â¿¿DEFENSE

Members of the Joint Chiefs of Staff painted a dire picture of construction projects on hold, limits on aircraft carriers patrolling the waters and even a delay in the expansion of Arlington National Cemetery. Veterans' funerals at Arlington could be cut to 24 a day from 31 because of furloughs among civilian employees who work with families to schedule services as well as furloughs among crews that dig the graves and do other grounds work. Troops killed in action in Afghanistan will be the priority; they usually are laid to rest within two weeks.

The Pentagon says it will be forced to furlough for one day a week about 15,000 teachers who work at schools around the world for children of people in the military. The teachers are among some 800,000 defense department civilians who will lose a day's pay each week for more than five months.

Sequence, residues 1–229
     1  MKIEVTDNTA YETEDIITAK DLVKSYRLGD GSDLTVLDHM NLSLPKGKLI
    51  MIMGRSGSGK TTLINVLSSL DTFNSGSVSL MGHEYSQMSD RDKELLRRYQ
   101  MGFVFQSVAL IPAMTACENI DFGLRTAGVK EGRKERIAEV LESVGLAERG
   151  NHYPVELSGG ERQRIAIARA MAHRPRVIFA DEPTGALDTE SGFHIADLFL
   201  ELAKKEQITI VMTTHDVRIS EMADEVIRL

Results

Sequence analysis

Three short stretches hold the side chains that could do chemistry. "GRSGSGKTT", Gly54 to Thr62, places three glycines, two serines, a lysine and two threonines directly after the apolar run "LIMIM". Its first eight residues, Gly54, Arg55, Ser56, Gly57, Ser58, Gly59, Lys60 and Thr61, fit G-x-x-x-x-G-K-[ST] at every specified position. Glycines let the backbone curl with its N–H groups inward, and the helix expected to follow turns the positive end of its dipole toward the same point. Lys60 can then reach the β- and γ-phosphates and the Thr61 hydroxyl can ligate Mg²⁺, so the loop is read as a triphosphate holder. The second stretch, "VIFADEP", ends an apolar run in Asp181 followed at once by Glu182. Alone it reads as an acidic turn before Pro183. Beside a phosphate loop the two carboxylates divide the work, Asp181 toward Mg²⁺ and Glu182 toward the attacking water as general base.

The Army will let go more than 3,000 temporary and contract employees and beginning in April, it will cancel maintenance at depots which will force 5,000 more layoffs. The Air Force Thunderbirds and the Navy's Blue Angels will cancel air show appearances.

â¿¿FOOD SAFETY

There could be an estimated 2,100 fewer food safety inspections. That could mean greater risks to consumers, because of the cuts and because the lack of a new 2013 budget means the Food and Drug Administration is held at last year's spending level. FDA Commissioner Margaret Hamburg says most of the effects wouldn't be felt for a while, and the agency won't have to furlough workers. On meat inspections, Agriculture Secretary Tom Vilsack said Tuesday that it will be "several months" before meat inspectors are furloughed as part of across-the-board spending cuts. He said that each meat inspector will likely be furloughed 11 days or 12 days, instead of 15 days as the Obama administration indicated earlier.

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